Natural wonders of Oman: Wadi Mibam, a fast-rising star amongst wadis

    09 Jun 2021

    It’s easy to miss Wadi Mibam. In fact, a lot of people still make the same mistake. After driving to Wadi Tiwi and reaching what seemed to be the end of the road that leads to a small village dotted with palms, many turn back disappointed that the pools are not even deep.

    But Wadi Mibam is located more inwards into the heart of the Tiwi mountains, located at the far edge of Wadi Tiwi itself.

    According to Oman Observer article, from the village in Tiwi that guards the entrance towards the mountains, the drive becomes even rougher and it is filled with different levels of thrill as the rough road cuts through other sleepy villages, barren mountains, rocky wadis and harrowing cliffs. From Wadi Tiwi, it’s still another 30 minutes drive forward — covering a total of around 160 km from Muscat.

    Wadi Mibam took a life of its own in the last five years and has now started to emerge as one of the must-visit, most beautiful wadis in Oman. It’s a reputation well-deserved because, despite its barely 5 km stretch, it is packed with all the adventures and beautiful scenes you can ever imagine.

    I first visited Wadi Mibam in 2016 and back then, there was no proper pathway in between the gardens. There were no stairs leading down the waterfall. There was no rope that you can climb down. It was a rawer experience — just nature with its intimidating canyon almost unnoticeable from a bird’s eye view because of the lush canopy of date palms and vegetations. Back then, the adventure was unforgiving and abseiling was necessary. The rocks were slippery but it was also at its most pristine.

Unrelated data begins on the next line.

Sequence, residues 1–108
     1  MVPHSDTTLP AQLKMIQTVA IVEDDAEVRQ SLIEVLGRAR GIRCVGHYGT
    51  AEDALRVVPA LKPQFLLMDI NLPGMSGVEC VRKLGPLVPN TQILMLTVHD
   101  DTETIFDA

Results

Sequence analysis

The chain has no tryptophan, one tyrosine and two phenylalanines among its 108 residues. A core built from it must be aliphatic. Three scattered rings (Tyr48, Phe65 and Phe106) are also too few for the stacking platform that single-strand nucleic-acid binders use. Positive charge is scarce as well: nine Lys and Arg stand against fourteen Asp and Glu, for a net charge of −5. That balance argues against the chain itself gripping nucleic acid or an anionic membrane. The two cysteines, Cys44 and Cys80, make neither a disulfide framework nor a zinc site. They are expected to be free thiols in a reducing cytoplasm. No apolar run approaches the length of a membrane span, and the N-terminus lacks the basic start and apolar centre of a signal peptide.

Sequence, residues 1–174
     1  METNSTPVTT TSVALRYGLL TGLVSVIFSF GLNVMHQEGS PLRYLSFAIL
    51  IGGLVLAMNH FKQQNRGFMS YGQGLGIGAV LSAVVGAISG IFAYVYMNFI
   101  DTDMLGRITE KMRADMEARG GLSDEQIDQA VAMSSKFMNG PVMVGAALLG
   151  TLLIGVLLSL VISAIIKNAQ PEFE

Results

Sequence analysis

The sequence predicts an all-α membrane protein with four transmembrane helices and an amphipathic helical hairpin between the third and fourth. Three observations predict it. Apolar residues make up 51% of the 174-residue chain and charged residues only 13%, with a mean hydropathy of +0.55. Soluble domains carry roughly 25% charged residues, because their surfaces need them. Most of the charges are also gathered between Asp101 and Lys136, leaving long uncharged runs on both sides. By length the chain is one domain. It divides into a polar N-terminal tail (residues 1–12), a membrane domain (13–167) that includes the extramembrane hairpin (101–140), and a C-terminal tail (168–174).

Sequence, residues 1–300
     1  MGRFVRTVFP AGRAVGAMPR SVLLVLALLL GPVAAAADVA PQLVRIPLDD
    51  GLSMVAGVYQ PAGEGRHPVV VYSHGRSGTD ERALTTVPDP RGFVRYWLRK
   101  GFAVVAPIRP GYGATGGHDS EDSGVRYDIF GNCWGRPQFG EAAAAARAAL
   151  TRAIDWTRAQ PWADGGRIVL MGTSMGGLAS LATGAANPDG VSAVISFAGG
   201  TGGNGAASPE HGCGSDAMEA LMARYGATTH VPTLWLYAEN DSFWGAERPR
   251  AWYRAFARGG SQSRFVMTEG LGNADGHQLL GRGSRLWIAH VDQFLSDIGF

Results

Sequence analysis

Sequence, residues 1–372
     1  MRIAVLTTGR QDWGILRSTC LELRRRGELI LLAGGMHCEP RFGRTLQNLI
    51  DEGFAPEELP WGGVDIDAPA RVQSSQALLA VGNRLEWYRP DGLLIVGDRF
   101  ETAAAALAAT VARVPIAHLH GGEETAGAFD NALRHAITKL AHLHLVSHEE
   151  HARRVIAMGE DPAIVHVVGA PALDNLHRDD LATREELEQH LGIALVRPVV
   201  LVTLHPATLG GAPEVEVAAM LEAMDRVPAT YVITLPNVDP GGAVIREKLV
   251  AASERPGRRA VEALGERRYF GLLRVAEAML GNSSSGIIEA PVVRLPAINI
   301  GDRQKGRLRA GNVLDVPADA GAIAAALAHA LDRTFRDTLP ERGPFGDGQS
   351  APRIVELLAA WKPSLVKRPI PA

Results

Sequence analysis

After five years, while the surrounding area nearly remains the same, Wadi Mibam itself has gone through dramatic improvements thanks to the combined effort of its villagers, the municipality, and the Ministry of Tourism who understand its potential as a tourist destination.

    Owing its name from the village where one starts the hike, Wadi Mibam technically is still part of Wadi Tiwi. The villagers of Mibam rely on agriculture for their day-to-day living. They carved out their homes in cliffs and thanks to the abundance of water, managed to transform what has been a barren mountain into an oasis teeming with greenery. Other than the dates, they also plant different kinds of root crops and fruit-bearing trees, and even the pathway leading to the waterfall is peppered with different varieties of citrus trees.

    A visit to Wadi Mibam today would yield a friendlier adventure. You would still have to pass through the gardens tracing edges of the falaj along the way but the hike eventually opens up to a paved pathway that takes you to concrete stairs directly into the wadi’s highest waterfall. From this waterfall, a few meters down, you will find a rope that aids you as you abseil down. Several meters ahead, you would have to swim your first round of pool — already looking beautiful with its emerald crystal clear waters. There are a series of pools you have to swim on until you reach the last big pool — in itself the rediscovered paradise.

    When I first saw Wadi Mibam in 2016, it took my breath away. Never have I seen such a pristine nature hidden in Oman’s daunting canyon. From below, the cliffs serve as giant walls protecting the pools hidden in the middle from the harsh elements and the sun.

    I said it then and I’ll say it again now. Wadi Mibam is the most beautiful wadi in Oman. I stand by that claim. Not only is it shorter and easier to hike and venture to, it has everything you can ask for — a good place for a day tour.

    As a word of caution, Wadi Mibam is still a wadi and comes with its unique challenges and risks so it’s advisable to visit it the first time with experienced teammates.

    I will personally urge you to take a trip and explore its many hidden wonders. By the time you’re finished, you will probably come to share the same sentiment — that Mibam is the fast-rising star amongst Oman’s wadis.

    What is Wadi? This is the Arabic term traditionally referring to a valley. In some instances, it may refer to a dry (ephemeral) riverbed that contains water only when heavy rain occurs.

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